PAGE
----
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Ann Emerg Med. 2008 Jan;51(1):15-24, 24.e1-2. Epub 2007 Nov 5.

The emergency department occupancy rate: a simple measure of emergency department crowding?

Author information

  • 1Department of Emergency Medicine, Johns Hopkins University School of Medicine, Baltimore, MD 21209, USA. mmcarth@jhmi.edu

Abstract

STUDY OBJECTIVE:

We examine the validity of the emergency department (ED) occupancy rate as a measure of crowding by comparing it to the Emergency Department Work Index Score (EDWIN), a previously validated scale.

METHODS:

A multicenter validation study was conducted according to ED visit data from 6 academic EDs for a 3-month period in 2005. Hourly ED occupancy rate (ie, total number of patients in ED divided by total number of licensed beds) and EDWIN scores were calculated. The correlation between the scales was determined and their validity evaluated by their ability to discriminate between hours when 1 or more patients left without being seen and hours when the ED was on ambulance diversion, using area under the curve (AUC) statistics estimated from the bootstrap method.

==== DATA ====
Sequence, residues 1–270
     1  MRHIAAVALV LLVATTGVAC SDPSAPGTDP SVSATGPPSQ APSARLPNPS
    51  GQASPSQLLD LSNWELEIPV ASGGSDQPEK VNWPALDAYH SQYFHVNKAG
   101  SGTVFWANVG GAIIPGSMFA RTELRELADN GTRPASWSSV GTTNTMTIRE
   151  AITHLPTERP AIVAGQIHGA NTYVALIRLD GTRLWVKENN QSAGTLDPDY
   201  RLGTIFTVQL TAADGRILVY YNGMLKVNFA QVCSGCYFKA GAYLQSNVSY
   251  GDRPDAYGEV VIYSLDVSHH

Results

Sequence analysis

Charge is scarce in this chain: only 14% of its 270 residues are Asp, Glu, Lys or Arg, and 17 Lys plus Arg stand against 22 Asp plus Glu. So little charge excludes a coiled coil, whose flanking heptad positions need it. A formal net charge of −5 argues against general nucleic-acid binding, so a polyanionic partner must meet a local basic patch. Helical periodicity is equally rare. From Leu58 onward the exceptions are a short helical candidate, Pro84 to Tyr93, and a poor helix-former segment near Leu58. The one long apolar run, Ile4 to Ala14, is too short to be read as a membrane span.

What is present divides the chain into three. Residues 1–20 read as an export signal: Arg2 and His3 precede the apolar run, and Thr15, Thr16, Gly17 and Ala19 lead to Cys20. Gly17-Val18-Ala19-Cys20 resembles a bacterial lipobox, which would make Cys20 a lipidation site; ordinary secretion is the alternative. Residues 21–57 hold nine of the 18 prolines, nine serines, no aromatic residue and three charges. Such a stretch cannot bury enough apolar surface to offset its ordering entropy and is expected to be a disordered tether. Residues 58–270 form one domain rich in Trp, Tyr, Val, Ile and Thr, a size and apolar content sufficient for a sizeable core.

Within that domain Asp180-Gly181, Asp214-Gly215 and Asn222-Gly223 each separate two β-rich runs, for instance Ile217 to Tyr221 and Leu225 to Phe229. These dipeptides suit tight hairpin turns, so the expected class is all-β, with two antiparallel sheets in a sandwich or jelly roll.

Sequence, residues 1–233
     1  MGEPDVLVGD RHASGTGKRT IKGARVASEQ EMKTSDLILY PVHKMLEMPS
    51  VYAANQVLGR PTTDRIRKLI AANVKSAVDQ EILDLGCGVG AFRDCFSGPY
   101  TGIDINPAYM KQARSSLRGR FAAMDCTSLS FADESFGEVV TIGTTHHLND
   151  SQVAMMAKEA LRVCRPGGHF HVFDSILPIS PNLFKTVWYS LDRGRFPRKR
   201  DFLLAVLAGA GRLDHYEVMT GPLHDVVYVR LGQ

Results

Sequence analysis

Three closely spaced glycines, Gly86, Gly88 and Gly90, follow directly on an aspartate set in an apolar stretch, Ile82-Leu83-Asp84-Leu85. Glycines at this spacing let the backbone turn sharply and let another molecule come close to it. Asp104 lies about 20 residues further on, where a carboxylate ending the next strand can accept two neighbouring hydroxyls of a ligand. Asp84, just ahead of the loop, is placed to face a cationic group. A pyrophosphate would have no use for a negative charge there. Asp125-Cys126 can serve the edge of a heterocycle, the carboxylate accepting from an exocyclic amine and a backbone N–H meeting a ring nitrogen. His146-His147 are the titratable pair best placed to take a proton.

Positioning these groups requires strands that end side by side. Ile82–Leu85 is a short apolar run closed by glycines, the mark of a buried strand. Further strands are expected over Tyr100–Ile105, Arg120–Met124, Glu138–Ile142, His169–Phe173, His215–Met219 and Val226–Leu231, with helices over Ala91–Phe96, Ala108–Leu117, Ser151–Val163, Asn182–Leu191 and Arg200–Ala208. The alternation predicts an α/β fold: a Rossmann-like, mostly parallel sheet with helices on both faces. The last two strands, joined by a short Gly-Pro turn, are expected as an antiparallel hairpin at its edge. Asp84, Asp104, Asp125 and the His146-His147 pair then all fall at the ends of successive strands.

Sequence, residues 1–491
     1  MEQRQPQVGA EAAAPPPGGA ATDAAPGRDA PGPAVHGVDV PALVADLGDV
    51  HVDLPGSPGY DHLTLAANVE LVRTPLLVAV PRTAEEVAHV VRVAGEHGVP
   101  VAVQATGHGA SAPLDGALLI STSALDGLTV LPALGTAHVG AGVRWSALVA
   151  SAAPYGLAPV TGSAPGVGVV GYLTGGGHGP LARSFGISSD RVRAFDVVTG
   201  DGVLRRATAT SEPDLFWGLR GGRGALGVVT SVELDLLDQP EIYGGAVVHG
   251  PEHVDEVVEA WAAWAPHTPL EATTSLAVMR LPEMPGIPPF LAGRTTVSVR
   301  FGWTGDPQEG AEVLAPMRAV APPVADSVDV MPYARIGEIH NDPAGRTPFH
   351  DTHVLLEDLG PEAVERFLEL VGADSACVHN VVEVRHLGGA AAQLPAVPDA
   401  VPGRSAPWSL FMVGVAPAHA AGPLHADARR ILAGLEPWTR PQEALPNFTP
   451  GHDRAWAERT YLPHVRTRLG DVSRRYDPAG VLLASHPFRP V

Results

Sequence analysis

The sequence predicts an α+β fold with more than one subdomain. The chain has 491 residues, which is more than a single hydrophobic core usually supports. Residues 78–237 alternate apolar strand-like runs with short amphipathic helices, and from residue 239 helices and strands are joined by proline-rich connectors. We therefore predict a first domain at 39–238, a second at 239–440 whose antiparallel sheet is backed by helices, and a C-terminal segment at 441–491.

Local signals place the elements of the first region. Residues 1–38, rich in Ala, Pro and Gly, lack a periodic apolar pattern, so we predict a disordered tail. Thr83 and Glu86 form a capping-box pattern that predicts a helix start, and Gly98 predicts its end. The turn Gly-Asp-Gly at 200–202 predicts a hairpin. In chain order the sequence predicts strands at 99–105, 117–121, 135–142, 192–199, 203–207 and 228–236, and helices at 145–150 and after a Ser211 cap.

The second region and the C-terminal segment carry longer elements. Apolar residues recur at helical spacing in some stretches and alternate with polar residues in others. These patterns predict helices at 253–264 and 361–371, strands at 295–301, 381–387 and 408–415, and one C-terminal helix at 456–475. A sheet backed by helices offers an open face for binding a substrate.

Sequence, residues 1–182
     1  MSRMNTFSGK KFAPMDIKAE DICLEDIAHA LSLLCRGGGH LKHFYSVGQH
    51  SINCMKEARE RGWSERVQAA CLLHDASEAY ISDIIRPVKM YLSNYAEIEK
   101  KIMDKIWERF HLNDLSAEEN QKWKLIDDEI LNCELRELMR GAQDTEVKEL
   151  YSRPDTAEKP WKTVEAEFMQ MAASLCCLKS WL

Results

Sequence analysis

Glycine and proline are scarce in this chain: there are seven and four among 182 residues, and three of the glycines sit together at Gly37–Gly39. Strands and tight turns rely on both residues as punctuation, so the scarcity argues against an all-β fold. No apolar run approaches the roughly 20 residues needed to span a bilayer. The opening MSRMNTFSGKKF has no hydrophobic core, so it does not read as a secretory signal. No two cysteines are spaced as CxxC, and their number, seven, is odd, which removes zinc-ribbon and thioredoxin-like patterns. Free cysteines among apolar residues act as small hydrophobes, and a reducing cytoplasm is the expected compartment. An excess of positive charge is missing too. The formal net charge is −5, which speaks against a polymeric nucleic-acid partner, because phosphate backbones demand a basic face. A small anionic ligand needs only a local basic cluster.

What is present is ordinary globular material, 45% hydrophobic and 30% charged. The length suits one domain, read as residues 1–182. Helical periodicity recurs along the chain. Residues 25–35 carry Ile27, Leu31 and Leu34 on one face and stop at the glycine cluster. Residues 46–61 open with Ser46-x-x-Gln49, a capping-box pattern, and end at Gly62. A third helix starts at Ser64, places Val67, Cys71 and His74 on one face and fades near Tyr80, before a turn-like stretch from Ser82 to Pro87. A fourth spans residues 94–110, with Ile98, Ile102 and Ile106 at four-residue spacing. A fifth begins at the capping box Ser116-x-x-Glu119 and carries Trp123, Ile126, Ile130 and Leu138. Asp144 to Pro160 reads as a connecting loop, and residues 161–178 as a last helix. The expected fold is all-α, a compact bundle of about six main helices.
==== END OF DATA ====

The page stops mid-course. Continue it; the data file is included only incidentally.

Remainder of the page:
RESULTS:

We calculated the ED occupancy rate and EDWIN for 2,208 consecutive hours at each of the 6 EDs. The overall correlation between the 2 scales was 0.58 (95% confidence interval [CI] 0.56 to 0.60). The ED occupancy rate (AUC=0.73; 95% CI 0.65 to 0.80) and the EDWIN (AUC=0.65; 95% CI 0.58 to 0.72) did not differ significantly in correctly identifying hours when patients left without being seen. The ED occupancy rate (AUC=0.78; 95% CI 0.75 to 0.80) and the EDWIN (AUC=0.70; 95% CI 0.59 to 0.81) performed similarly for ED diversion hours.

CONCLUSION:

The ED occupancy rate and the EDWIN classified leaving without being seen and ambulance diversion hours with moderate accuracy. Although the ED occupancy rate is not ideal, its simplicity makes real-time assessment of crowding feasible for more EDs nationwide.

PMID:
17980458
[PubMed - indexed for MEDLINE]
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